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Number of posts: 3
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Posts by Alex Seitz-Wald:
Santorum Excommunicates 45 Million Christians: Mainline Protestants Are ‘Gone From The World Of Christianity’
In a 2008 speech at Ave Maria University, Rick Santorum, a devout Catholic, warned about the dangers of “the NBA” and “rock concerts,” but also said that while Protestants founded America, mainline Protestantism is in such “shambles” that “it is gone from the world of Christianity as I see it”:
We all know that this country was founded on a Judeo-Christian ethic but the Judeo-Christian ethic was a Protestant Judeo-Christian ethic, sure the Catholics had some influence, but this was a Protestant country and the Protestant ethic, mainstream, mainline Protestantism, and of course we look at the shape of mainline Protestantism in this country and it is in shambles, it is gone from the world of Christianity as I see it.
Alabama, already home to the country’s most radical anti-immigration law, may soon have another overreaching and dubious law targeting a largely invented threat from a minority group. State Sen. Cam Ward (R) introduced an amendment to the state Constitution earlier this month that would ban Islamic Sharia law in the state.
As the Southern Poverty Law Center’s Hatewatch blog notes, Ward’s “American and Alabama Laws for Alabama Courts Amendment” is “clearly drawn from model legislation drafted by anti-Muslim lawyer David Yerushalmi” — a key figure in the Islamophobia network mapped in a recent report from by the Center for American Progress.
Not All There
Texas Gov. Rick Perry (R) has diverted his attention from his state to run for president, even as Texas suffers a debilitating drought, historic wildfires, and slumping economy. “Perry—alone among the Republican candidates—has a moral obligation to govern,” Richard Parker wrote in the New Republic in October. “And whether America loves or hates Rick Perry the presidential candidate, the fact is we Texans need our governor back home. Now.”
But today, despite his disappointing showing in the Iowa caucuses last night and diminishing prospects of capturing the GOP nomination, Perry announced that he would continue his campaign.
So who has been running the nation’s second largest state in Perry’s absence?
Worthy of Comment
Also on the Dew
To fend off the inevitable criticism from Democrats, liberals and the media that the next GOP Speaker of the House is so delusional he or she must be on drugs, the new Speaker will first have to pass a urine test. “That should settle the matter that they’re not on drugs, even all those guys in the Tea Party Freedom Caucus,” said a GOP insider, who compared the plan to being pulled over by a cop. “So you’re weaving like crazy, and blowing through red lights, and stop signs and you almost ran over a couple of pedestrians and, sure, one of them was Read on →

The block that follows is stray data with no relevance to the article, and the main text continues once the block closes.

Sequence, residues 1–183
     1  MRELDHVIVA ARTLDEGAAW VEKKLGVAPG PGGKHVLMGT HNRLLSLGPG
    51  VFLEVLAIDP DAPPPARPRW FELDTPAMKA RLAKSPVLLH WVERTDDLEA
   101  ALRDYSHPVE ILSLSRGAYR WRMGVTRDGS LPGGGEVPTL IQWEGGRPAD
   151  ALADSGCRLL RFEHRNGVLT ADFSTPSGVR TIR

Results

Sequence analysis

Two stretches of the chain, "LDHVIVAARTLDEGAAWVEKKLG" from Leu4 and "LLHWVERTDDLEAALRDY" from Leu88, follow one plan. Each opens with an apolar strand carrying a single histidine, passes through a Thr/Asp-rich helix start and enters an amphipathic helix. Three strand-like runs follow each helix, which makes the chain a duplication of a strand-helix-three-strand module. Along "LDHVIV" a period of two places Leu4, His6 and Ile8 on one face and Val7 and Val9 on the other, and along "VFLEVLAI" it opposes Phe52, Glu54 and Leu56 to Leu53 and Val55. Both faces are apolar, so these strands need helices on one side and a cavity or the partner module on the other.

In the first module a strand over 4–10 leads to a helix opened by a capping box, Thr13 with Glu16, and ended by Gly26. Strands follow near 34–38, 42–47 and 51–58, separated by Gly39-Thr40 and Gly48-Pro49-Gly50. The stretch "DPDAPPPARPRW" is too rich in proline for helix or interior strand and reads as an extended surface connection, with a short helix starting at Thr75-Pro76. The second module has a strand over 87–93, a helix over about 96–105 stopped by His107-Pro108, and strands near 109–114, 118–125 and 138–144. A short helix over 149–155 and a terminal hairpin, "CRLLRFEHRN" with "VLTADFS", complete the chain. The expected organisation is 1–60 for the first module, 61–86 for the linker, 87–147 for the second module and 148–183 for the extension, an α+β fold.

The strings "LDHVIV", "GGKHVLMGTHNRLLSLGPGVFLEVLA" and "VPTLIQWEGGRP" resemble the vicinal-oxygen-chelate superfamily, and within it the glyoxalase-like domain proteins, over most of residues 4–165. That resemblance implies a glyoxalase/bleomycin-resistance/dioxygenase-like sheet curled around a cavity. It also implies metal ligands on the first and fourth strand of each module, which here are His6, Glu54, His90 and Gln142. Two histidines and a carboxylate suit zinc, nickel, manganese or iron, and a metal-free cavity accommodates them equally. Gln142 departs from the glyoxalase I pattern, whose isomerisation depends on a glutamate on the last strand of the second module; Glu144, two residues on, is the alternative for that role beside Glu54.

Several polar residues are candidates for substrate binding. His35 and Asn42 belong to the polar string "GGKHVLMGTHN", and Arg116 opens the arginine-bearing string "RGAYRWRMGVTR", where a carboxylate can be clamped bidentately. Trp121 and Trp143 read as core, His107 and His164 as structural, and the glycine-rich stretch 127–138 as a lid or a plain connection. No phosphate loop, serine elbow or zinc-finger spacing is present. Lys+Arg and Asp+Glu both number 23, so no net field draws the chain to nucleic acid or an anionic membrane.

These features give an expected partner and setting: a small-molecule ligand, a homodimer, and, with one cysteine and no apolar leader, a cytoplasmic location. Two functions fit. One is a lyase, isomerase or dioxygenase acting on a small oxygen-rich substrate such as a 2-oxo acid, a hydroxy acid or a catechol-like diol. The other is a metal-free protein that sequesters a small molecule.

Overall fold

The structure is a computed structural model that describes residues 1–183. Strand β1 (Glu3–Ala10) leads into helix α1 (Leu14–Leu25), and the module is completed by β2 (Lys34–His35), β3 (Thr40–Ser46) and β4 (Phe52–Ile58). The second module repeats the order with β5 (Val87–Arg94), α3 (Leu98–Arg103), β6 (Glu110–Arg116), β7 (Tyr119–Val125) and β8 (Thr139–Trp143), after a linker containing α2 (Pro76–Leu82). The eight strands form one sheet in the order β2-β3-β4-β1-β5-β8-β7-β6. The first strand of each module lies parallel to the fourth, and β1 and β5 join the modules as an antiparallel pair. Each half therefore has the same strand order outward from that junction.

Having returned from his trip to the U.S. where he addressed Congress, Pope Francis on Tuesday issued an encyclical from the Vatican warning of "man-made Global Dumbing." "It disturbs me beyond belief the level of intelligence quotient that I encountered during my visit to the U.S., especially in the Republican-led Congress, where I'm guessing the average IQ must be in the high 70s or low 80s, at best," Francis said, through an interpreter. "That's unacceptable." Ted Josephs, a spokesman for Mensa International, the genius organization, said that the Pope's estimate means that the average Congressman may have trouble deciding which shoe goes Read on →
Despite the seeming endless number of deficiencies the South can lay claim too, there have always been two aspects which have set the South apart: writers and football. Southern writers, when they are good, are very, very good. From Tennessee Williams to William Faulkner to Erskine Caldwell, Southern writers tap into a part of the human equation at a singular depth of understanding, an ability to strip away illusions and expose the raw nerve of life. There is a subline identification of excellence in the Southern Writer, but it is a real one. And football—especially college football—below the Mason-Dixon Line has the sam Read on →
My eyes are super-sensitive, as I discovered fifty years ago when, walking on a gusty day on an unfamiliar city street, a piece of grit flew into my eye. I was in instant agony: blinking, holding the eyelid, eye watering and conscious of time changing. Seconds became nanoseconds of excruciation. I looked around with the good eye for help. In one of the most fortuitous coincidences of my life I was passing an optician’s shop. I opened the door, stood on the threshold blinking, eye streaming uncontrollably. The optician guided me to a chair. His chosen instrument, the corner of a Read on →